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Eat this! Chevre, fresh cheese from the goat

West Town Tavern's goat cheese napoleon. (Photo by Dan Dry.)

West Town Tavern's goat cheese napoleon. (Photos by Dan Dry.)

What it is: “Chevre” just means “goat” in French, but the term refers to a soft and creamy, fresh white cheese made from goats’ milk. It has a distinctive tangy flavor. In America, this cheese is often just generically called “goat cheese,” but other styles of cheese, including feta and a version of cheddar, are made from goats’ milk as well.

Chevre is usually sold in cylindrical logs, but it may also be molded into rounds, pyramids or other shapes. Some cheesemakers coat the freshly made cheese with herbs, cracked pepper or other seasonings.

Susan Goss (Photo by Dan Dry).

Susan Goss

Where it comes from: Goats were among the earliest domesticated animals, raised for meat and milk in the Mediterranean since at least 8,000 B.C. The ancient Greeks ate goat cheese: historian Xenophon, born in 349 B.C., wrote of cheese made for centuries in Peloponnesus. In the epic poem “The Odyssey,” written about 800 B.C., Homer describes the cyclops molding goat’s milk curds.

An easily made farmers’ cheese, chevre is today produced all over the world. In the U.S., some of the best come from Indiana, Wisconsin and California.

What to do with it: Chevre makes a delightful addition to salads, combines readily with other ingredients for dips and spreads and can even be used to make savory cheesecakes. Or just spread it plain on crackers. It substitutes well for cream cheese in many recipes, adding zestier flavor. At West Town Tavern, Chef Susan Goss combines herbed chevre and crisp squares of phyllo for a simple, fresh appetizer.

West Town Tavern’s crispy goat cheese napoleon with grilled asparagus and cherry tomato vinaigrette
Chef Susan Goss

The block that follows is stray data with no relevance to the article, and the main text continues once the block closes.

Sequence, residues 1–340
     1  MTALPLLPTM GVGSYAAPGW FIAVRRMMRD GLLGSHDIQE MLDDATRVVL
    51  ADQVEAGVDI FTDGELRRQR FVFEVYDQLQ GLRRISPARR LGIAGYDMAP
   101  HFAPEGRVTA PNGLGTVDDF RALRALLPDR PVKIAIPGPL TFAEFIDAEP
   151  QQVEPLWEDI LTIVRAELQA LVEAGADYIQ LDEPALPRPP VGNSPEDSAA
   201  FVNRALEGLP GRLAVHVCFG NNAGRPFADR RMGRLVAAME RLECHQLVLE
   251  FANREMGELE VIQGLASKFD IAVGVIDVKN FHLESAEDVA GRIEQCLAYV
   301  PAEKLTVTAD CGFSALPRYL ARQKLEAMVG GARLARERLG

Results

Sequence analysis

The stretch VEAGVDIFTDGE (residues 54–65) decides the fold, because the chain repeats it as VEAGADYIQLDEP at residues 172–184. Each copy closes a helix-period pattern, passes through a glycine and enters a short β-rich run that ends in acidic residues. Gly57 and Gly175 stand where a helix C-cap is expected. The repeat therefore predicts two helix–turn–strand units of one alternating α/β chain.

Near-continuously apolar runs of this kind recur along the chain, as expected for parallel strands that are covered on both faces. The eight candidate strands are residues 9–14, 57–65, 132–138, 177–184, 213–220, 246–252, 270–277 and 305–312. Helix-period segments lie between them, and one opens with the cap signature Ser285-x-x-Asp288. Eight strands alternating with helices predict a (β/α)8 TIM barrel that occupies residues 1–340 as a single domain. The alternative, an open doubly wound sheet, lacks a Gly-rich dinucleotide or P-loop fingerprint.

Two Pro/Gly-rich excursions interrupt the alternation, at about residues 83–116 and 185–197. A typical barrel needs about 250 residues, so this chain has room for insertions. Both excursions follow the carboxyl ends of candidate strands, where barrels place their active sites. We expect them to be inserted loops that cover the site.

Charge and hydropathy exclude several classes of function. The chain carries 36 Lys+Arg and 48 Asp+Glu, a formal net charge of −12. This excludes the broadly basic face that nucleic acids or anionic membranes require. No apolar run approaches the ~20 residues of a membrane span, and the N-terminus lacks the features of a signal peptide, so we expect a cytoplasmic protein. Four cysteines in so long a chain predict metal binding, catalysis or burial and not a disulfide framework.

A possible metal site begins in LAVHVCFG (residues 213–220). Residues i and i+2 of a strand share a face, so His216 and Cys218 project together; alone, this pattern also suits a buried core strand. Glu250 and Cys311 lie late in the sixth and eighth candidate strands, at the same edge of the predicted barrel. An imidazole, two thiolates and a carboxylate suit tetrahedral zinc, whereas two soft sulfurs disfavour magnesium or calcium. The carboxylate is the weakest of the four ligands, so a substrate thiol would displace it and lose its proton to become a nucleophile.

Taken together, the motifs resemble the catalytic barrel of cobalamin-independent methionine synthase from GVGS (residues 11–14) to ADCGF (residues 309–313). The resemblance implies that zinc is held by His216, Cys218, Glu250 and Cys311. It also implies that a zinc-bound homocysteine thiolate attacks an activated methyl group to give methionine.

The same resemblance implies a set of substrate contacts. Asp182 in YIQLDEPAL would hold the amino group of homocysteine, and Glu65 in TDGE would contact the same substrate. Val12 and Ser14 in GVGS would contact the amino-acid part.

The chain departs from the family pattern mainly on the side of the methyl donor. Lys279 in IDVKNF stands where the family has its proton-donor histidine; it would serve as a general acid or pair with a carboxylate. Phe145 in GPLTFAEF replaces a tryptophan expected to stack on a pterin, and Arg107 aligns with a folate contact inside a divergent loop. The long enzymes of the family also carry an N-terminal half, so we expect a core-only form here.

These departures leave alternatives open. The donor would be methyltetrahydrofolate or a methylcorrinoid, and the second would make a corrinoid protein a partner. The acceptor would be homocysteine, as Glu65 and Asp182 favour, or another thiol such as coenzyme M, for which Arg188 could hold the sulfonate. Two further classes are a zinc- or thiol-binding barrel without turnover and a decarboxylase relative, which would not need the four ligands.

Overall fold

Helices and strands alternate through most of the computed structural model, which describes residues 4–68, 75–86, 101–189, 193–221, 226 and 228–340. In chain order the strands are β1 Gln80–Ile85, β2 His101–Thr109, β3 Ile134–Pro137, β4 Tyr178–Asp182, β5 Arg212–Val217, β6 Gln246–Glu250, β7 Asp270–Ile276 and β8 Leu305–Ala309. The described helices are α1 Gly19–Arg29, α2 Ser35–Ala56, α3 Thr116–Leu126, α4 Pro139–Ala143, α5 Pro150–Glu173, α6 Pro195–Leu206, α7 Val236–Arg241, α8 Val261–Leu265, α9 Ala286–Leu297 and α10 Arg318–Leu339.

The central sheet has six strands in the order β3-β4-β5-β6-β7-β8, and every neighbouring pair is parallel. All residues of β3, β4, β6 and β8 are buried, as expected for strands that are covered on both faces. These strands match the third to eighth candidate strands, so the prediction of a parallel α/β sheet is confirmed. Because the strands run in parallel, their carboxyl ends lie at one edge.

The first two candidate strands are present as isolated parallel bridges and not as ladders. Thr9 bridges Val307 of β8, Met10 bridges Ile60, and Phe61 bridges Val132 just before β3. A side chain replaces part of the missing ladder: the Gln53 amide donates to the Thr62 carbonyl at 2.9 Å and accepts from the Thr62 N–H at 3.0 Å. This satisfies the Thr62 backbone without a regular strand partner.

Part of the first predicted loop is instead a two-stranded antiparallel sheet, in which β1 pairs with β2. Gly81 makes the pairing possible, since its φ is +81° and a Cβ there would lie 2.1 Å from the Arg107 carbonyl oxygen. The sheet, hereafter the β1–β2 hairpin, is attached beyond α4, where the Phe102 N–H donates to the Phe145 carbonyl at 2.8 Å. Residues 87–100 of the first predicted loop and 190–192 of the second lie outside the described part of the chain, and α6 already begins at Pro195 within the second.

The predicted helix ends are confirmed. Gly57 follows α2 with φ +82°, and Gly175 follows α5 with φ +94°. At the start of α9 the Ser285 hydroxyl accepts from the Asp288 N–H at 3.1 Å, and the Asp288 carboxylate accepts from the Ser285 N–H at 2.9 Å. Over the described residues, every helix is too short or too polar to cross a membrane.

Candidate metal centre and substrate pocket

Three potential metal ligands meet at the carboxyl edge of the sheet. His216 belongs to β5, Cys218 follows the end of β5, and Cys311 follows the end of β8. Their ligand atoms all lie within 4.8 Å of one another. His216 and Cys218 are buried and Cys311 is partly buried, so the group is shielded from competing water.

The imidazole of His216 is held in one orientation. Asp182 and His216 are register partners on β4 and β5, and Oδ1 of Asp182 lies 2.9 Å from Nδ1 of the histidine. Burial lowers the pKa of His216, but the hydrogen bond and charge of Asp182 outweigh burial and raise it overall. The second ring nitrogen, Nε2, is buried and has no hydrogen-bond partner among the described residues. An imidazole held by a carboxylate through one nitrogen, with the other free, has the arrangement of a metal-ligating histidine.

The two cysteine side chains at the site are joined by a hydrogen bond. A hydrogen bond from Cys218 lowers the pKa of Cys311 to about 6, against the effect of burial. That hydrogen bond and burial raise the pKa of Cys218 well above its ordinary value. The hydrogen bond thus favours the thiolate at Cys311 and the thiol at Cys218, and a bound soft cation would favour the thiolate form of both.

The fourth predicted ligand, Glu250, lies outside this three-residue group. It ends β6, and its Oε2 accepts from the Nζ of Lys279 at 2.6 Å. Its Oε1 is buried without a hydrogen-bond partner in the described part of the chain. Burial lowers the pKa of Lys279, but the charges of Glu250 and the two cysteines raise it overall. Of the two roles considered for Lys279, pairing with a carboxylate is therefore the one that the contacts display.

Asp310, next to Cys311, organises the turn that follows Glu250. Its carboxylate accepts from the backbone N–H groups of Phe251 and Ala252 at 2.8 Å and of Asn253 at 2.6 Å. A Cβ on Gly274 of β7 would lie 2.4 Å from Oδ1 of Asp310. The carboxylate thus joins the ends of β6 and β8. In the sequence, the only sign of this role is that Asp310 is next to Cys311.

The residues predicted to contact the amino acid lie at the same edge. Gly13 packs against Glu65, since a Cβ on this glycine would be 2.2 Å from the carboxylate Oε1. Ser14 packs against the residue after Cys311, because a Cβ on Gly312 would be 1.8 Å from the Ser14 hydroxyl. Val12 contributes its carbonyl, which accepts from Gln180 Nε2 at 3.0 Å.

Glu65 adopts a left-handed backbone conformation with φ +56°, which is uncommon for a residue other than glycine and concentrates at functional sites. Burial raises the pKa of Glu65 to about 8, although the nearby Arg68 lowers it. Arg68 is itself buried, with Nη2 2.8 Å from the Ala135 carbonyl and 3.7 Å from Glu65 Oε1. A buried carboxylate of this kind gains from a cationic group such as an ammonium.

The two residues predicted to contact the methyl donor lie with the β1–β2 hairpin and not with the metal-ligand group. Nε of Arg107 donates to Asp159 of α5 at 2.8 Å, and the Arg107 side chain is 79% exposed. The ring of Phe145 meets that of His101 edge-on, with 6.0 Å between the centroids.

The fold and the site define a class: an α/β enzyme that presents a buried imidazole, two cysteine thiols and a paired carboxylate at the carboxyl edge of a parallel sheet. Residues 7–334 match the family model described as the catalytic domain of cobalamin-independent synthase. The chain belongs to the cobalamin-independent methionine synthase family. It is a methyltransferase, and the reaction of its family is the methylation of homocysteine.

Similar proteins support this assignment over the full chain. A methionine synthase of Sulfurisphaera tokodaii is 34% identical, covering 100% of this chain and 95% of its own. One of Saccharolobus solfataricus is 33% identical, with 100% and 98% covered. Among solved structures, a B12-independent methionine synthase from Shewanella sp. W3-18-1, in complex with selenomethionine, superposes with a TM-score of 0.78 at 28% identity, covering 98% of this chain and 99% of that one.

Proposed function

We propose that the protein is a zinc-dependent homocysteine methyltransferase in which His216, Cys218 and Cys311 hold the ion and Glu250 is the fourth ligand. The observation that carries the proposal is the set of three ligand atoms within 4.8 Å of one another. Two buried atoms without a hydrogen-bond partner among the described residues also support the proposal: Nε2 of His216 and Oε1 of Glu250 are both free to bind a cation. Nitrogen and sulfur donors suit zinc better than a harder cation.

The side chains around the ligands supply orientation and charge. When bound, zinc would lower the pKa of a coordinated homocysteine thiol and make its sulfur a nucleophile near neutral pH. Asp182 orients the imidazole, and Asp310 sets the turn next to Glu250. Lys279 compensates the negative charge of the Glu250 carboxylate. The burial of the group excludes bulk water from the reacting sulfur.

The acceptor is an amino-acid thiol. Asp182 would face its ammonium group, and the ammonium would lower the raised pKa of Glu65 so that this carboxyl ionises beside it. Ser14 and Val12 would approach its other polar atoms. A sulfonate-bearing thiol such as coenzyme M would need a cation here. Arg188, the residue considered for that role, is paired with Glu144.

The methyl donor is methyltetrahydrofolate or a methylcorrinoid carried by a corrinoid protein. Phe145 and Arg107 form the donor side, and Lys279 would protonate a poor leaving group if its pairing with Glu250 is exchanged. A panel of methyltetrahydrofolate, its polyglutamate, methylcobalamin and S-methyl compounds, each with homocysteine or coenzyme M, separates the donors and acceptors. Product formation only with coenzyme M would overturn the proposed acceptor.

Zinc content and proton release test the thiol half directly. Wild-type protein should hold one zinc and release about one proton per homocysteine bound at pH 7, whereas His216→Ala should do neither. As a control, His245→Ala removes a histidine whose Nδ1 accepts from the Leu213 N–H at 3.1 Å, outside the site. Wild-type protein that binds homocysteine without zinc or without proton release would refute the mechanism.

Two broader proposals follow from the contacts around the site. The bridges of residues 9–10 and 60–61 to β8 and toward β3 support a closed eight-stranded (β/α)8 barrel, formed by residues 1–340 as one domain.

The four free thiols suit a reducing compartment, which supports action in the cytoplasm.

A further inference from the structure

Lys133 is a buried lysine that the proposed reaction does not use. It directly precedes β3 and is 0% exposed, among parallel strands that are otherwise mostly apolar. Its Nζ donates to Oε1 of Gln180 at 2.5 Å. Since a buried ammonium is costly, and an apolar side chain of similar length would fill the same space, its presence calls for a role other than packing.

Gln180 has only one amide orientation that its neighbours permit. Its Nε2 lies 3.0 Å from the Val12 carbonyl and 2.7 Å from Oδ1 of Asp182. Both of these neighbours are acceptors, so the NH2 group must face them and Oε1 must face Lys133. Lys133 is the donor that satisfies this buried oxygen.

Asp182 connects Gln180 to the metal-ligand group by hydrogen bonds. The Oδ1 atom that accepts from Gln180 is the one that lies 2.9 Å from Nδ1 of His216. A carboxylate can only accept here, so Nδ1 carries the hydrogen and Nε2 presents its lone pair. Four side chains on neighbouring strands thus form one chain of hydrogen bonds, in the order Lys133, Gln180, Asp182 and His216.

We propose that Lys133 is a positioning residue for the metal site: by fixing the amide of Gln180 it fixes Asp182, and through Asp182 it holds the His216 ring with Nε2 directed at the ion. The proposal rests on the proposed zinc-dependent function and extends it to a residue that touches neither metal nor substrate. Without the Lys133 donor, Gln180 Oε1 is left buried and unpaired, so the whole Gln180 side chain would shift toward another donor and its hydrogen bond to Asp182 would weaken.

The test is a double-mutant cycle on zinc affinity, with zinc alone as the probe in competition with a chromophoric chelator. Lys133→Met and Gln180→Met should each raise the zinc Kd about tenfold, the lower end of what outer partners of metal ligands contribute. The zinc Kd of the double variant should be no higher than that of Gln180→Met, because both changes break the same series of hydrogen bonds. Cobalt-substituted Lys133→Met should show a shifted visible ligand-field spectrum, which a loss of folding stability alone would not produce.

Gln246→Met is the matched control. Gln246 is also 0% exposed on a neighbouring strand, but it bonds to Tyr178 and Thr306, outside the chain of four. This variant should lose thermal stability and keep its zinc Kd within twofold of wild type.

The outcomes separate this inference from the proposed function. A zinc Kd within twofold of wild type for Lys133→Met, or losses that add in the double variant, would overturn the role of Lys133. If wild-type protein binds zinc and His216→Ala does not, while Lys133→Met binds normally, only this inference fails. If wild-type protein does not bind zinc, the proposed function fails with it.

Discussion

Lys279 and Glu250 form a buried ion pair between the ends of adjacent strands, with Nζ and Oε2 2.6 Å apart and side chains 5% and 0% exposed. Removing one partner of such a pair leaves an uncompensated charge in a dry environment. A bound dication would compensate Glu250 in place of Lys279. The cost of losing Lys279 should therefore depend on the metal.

“Look for a fresh goat cheese log coated with chopped herbs for the easiest preparation, or snip some herbs and coat a plain log,” advises Goss. This recipe is adapted from her 2010 cookbook, “West Town Tavern: Contemporary Comfort Food” (Chicago Books Press, $34.95, available at the restaurant).

3 sheets frozen phyllo dough, thawed
4 tablespoons melted butter, cooled
4 tablespoons fine breadcrumbs, toasted
2 tablespoons grated parmesan
2 cups cherry tomatoes, halved or quartered
1/2 cup white wine vinaigrette
2 tablespoons chopped mixed fresh herbs, plus extra for garnish
16 spears asparagus, grilled
1 8-ounce herb-coated chevre (fresh goat cheese) log

West Town Tavern cookbook

Preheat the oven to 350 degrees. Lay the phyllo dough on work surface, covered with a piece of plastic wrap and a damp towel. In a small bowl, mix the breadcrumbs with the parmesan.

Lay a piece of parchment paper or foil in front of you and place a sheet of phyllo on the parchment. Brush the phyllo lightly, but completely with the butter. Sprinkle with one third of the breadcrumbs and parmesan. Lay a second phyllo sheet on top and repeat the buttering and sprinkling of breadcrumbs and cheese. Repeat with the third sheet of phyllo.

With a sharp chef’s knife, cut the phyllo stack into 24 pieces. (Cut straight down, without slicing back and forth; this way the parchment paper won’t be cut.) Cover the phyllo with a second sheet of parchment and transfer the whole package to a jellyroll pan. Place a second pan, right side up, on top of the parchment and slide the 2 stacked pans and phyllo into the oven. The second pan keeps the phyllo squares flat and helps them crisp.

Bake the phyllo until crisp and deep golden brown, 15 to 20 minutes. Let cool on the pan. Remove and discard parchment. Baked phyllo squares may be reserved, covered loosely with foil at room temperature for 2 days.

In a small bowl toss the vinaigrette with 3/4 of the herbs. Slice the grilled asparagus crosswise in halves. Slice the chevre into 16 rounds.

Place 1 phyllo square on each of 8 plates and top with 1 slice of goat cheese and 2 pieces of asparagus. Drizzle with 1 teaspoon vinaigrette. Place another phyllo square, goat cheese and asparagus on top; drizzle the asparagus with 1 teaspoon of the vinaigrette. Top each stack with a phyllo square. Add tomatoes to the remaining vinaigrette and mix gently. Divide evenly and spoon on top of phyllo stacks. Sprinkle with the remaining herbs. Serve immediately. 8 servings.

 
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